Re: [PATCH 2/2] block: create ioctl to discard-or-zeroout a range of blocks
From: Eric Sandeen
Date: Wed Mar 16 2016 - 20:34:08 EST
On 3/16/16 7:15 PM, Theodore Ts'o wrote:
> On Wed, Mar 16, 2016 at 03:45:49PM -0600, Andreas Dilger wrote:
>>> Clearly, the performance hit of unwritten extent conversion is large
>>> enough to tempt people to ask for no-hide-stale. But I'd rather hear
>>> that directly from a developer, Ceph or otherwise.
>> I suspect that this gets significantly worse if you are running with
>> random writes instead of sequential overwrites. With sequential overwrites
>> there is only a single boundary between init and uninit extents, so at
>> most one extra extent in the tree. The above performance deltas will also
>> be much larger when real disks are involved and seek latency is a factor.
> It will vary a lot depending on your use case. If you are running
> with data=ordered, and with journalled enabled, then even if it is a
> single extent that is modified, the fact that a journal transaction
> involved, with a forced data block flush to avoid revealing stale
> data, that is certainly going to be measurable.
> The other thing is if you are worried about tail latency, which is a
> major concern at Google, and you are running your disks close to
> flat out, the fact that you have to do an extra seek to update the
> extent tree is a seek that you can't be using for useful work --- and
> worse, could delay a low-latency read from completing within your SLO.
>  https://research.google.com/pubs/pub44830.html
> Part of what's challenging with giving numbers is that it's trivially
> easy to give some worst case scneario where the numbers are really
> terrible. A random 4k random write benchmark into an fallocated file,
> eeven with XFS, would have pretty bad numbers, But of course people
> wouldn't say that it's very realistic. But those are the easiest to
> The most realistic numbers are going to be a lot harder to get, and
> wouldn't necessarily make a lot of sense without revealing a lot
> proprietary information. I will say that Google does have a fairly
> large number of disks and so even a small fractional percentage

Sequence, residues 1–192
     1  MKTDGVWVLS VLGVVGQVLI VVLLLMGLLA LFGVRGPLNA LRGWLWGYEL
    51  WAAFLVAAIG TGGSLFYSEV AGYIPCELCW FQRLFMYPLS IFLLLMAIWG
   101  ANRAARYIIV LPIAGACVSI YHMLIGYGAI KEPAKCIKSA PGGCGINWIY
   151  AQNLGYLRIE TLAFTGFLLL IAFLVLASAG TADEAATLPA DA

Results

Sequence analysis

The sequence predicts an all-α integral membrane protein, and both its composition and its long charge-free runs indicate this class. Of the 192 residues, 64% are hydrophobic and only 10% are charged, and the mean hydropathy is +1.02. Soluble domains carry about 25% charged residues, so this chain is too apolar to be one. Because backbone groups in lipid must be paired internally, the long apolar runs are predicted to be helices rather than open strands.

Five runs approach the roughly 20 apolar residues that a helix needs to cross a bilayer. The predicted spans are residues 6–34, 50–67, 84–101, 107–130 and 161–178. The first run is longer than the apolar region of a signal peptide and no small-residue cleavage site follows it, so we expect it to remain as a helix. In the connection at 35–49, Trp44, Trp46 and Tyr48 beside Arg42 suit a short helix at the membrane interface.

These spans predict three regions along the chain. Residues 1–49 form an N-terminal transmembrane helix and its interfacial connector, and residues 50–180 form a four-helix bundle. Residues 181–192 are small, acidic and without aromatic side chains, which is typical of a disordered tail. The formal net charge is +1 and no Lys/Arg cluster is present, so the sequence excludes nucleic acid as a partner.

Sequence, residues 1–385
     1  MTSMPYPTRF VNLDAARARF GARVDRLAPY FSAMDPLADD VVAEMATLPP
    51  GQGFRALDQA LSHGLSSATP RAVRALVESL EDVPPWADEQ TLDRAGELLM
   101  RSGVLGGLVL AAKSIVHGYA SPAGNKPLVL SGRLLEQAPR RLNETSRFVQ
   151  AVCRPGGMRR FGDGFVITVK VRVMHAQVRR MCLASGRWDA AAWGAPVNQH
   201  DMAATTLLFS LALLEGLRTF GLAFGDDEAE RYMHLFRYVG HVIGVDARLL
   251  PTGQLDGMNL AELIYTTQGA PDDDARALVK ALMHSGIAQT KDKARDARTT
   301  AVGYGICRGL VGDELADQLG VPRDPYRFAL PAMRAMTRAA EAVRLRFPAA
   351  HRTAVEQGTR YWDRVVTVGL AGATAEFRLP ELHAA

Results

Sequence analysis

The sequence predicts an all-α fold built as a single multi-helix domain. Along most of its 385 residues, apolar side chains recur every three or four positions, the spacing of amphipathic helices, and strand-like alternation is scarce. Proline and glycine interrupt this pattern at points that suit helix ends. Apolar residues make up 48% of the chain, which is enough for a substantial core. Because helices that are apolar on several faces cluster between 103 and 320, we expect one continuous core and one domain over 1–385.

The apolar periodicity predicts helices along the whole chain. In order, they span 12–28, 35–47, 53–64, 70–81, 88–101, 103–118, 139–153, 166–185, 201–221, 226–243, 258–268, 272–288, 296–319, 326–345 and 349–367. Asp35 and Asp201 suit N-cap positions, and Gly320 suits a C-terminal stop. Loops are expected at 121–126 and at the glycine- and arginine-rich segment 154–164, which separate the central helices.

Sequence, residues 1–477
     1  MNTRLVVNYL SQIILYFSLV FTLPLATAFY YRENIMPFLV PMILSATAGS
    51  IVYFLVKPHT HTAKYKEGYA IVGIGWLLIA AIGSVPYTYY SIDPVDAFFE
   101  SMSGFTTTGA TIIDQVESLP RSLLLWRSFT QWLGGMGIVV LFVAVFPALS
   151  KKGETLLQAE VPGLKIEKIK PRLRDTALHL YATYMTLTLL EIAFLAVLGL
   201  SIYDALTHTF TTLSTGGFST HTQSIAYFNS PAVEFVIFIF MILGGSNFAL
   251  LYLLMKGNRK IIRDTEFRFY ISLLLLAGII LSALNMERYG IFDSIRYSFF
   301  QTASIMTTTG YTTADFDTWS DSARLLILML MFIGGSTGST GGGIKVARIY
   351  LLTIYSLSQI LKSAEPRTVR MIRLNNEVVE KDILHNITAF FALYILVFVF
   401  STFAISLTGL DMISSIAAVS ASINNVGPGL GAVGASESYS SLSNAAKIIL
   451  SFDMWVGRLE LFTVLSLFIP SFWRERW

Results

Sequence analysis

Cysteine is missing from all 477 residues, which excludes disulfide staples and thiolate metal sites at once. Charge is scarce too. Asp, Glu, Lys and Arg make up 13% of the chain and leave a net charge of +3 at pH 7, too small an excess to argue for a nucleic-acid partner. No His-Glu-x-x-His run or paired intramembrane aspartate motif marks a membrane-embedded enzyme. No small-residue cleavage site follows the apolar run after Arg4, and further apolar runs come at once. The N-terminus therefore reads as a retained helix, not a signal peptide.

> gain multipled by gazillions of disks starts turning into a dollar
> number with enough zeros that people really sit up and take notice.
> I'll also note that map reduce can be quite nasty as far as random I/O
> is concerned, and while map reduce jobs are often not high priority
> jobs, they can interfere with low-latency reads from important
> applications (e.g., web search, user-visible gmail operations, etc.)
>  https://what-if.xkcd.com/63/
>  https://pdfs.semanticscholar.org/6238/e5f0fd807f634f5999701c7aa6a09d88dfc8.pdf
> So I'm not sure what numbers I can really give that would satisfy
> people. Doing a random write fio job is not hard, and will result in
> fairly impressive numbers. If that's enough, then either I can do
> this, or Chris Mason can reproduce his experiment using XFS (which
> would presumably eliminate the excuse that it's because ext4 sucks at
> extent operations). But if that's not going to convince people, then
> I'd much rather not waste my time.
> Besides, at Google it's easy enough for me to maintain the patch
> out-of-tree. It's the Ceph folks who would need to at the very least,
> have such a patch ship in Red Hat Enterprise Linux. So it's probably
> better for them to justify it, if numbers are really necessary.
I may have lost the thread at this point, with poor Darrick's original
patch submission devolving into a long thread about a NO_HIDE_STALE patch
used at Google, but I don't *think* Ceph ever asked for NO_HIDE_STALE.
At least I can't find any indication of that.
Am I missing something? cc'ing Greg on this one in case I am.